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Syrian Arab Republic: Syrian Refugee Crisis: What You Need to Know and How to Help

Syrian Arab Republic: Syrian Refugee Crisis: What You Need to Know and How to Help

2019/10/18 | 18:15

(Hatha al-Youm | Iraq News)- Source: Food for the Hungry

Country: Iraq, Jordan, Lebanon, Syrian Arab Republic, Turkey

Syria is the largest ongoing refugee crisis in the world right now.



Before Syria’s brutal war started in 2011, more than 22 million people called the nation home. After eight years of violence and civil war, the Syrian crisis has already displaced over 5.4 million refugees. Now, hundreds of thousands of refugees are in harm’s way due to the worsening conflict.



We’ve seen heart-wrenching photos and heard rhetoric that inspires fear, anger, and distrust, but what are the facts about Syrians fleeing their homes and creating a global refugee crisis of epic proportions?



With such a long, complex history, we know it can be daunting to understand why this is happening and how you can help. Keep reading to learn everything you need to know about the Syria refugee crisis, what Food for the Hungry (FH) is doing to help, and how you can join us in our work.



What is currently happening in Syria?



The Syrian Civil War has escalated once again. Increasing conflict and violence are putting millions of children and families at risk. A new Turkish military offensive launched last on October 9, 2019, in northeastern Syria, escalating the conflict with ground troops, airstrikes, and sniper fire. Since last week, at least 160,000 have been displaced, and at least 170,000 children are in need of humanitarian assistance as a result of ongoing violence in the area (UNICEF). Colder temperatures setting in across the region are worsening the situation.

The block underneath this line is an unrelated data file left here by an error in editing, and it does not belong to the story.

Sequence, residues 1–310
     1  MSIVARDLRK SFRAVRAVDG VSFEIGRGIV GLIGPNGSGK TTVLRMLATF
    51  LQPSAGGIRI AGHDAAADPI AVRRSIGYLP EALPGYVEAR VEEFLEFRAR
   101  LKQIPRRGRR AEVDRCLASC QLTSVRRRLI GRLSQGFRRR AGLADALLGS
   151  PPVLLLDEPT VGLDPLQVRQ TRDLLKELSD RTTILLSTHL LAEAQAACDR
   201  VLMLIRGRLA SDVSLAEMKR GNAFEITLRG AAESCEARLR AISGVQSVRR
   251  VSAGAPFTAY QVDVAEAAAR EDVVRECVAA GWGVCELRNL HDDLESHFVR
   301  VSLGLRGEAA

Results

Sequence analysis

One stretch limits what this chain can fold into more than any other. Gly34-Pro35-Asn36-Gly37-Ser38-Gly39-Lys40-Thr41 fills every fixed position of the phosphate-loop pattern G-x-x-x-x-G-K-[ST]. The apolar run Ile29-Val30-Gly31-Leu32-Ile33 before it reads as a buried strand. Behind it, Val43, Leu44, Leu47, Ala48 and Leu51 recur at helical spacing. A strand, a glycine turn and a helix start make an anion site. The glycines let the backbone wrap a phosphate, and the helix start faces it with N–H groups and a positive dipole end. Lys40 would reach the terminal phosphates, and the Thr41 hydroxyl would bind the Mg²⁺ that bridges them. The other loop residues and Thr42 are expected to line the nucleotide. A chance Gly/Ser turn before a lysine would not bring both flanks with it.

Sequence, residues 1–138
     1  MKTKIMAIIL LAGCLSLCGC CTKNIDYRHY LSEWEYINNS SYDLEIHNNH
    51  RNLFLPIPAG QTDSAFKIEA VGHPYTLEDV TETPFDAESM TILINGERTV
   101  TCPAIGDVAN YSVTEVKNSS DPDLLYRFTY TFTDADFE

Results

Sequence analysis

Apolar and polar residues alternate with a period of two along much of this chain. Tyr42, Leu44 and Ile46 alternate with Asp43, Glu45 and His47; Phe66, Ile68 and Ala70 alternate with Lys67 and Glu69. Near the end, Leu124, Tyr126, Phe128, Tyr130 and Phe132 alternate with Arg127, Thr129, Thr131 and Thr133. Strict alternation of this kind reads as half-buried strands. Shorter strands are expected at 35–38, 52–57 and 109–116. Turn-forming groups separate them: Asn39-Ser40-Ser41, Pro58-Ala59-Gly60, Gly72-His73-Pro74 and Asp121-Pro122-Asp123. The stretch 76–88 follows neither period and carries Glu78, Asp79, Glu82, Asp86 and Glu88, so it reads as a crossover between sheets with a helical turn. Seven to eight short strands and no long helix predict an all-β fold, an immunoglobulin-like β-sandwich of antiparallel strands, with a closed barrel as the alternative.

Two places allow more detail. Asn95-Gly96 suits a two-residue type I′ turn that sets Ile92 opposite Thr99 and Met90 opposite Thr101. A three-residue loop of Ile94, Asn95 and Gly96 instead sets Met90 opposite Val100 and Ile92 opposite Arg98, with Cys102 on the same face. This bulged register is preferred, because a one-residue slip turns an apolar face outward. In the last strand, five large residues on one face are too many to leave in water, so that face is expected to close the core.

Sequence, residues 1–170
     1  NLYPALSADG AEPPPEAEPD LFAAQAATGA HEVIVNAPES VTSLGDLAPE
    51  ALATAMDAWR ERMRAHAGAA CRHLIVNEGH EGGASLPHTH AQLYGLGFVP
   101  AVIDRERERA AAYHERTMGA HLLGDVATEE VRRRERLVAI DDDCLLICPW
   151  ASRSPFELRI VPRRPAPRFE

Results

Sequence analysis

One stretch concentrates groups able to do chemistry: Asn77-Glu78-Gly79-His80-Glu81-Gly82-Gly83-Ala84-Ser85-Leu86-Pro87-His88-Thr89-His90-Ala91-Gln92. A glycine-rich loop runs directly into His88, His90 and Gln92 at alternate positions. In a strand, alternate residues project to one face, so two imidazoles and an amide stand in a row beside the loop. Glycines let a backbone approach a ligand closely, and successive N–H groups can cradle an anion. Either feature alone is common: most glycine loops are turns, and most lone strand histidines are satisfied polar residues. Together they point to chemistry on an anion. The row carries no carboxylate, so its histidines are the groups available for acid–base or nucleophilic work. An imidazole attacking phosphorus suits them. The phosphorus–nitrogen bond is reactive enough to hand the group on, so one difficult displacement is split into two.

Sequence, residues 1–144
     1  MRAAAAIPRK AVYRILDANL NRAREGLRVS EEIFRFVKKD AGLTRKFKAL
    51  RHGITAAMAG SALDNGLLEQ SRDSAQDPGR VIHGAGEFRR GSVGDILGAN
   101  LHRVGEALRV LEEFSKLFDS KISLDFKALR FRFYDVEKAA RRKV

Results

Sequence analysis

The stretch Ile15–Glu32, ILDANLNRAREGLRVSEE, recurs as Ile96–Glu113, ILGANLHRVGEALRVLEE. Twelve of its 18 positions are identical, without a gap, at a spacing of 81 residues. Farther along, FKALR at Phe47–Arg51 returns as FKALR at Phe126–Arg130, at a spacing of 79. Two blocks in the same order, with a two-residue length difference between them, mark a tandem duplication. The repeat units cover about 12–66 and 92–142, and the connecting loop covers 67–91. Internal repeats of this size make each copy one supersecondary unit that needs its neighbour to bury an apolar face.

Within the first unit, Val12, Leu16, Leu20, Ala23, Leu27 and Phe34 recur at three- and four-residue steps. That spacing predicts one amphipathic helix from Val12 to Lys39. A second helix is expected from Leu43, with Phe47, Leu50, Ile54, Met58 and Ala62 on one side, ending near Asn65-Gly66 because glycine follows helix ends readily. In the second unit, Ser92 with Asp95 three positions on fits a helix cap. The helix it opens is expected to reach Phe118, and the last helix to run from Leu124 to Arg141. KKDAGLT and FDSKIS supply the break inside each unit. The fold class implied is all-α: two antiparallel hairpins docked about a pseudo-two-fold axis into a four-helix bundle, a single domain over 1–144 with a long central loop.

What is the history of the Syrian refugee crisis?



Syria’s refugee crisis began in March 2011 as pro-democracy protests turned violent, sparking even more protests by hundreds of thousands of Syrians. Violence escalated into civil war. According to the United Nations, an estimated 90,000 people died by June 2013. That number climbed to 250,000 by August 2015 and had drawn in neighboring countries, world powers, jihadists, and the Islamic State (ISIS).



Horrific human rights violations have been reported over the years. These include public executions, beheadings, amputations, and the use of chemical weapons against civilians. People fled for their lives, leaving behind their belongings, friends, family, and any sense of welfare or security.



Half of Syria’s pre-war population is displaced due to violence since the start of the civil war. Over five million people — half of them children — are refugees in other countries. They live in tents or dilapidated buildings and are desperate for food, shelter, water, and other necessities. Many parents helplessly watch while their children wither away.



Where are Syrian refugees living now?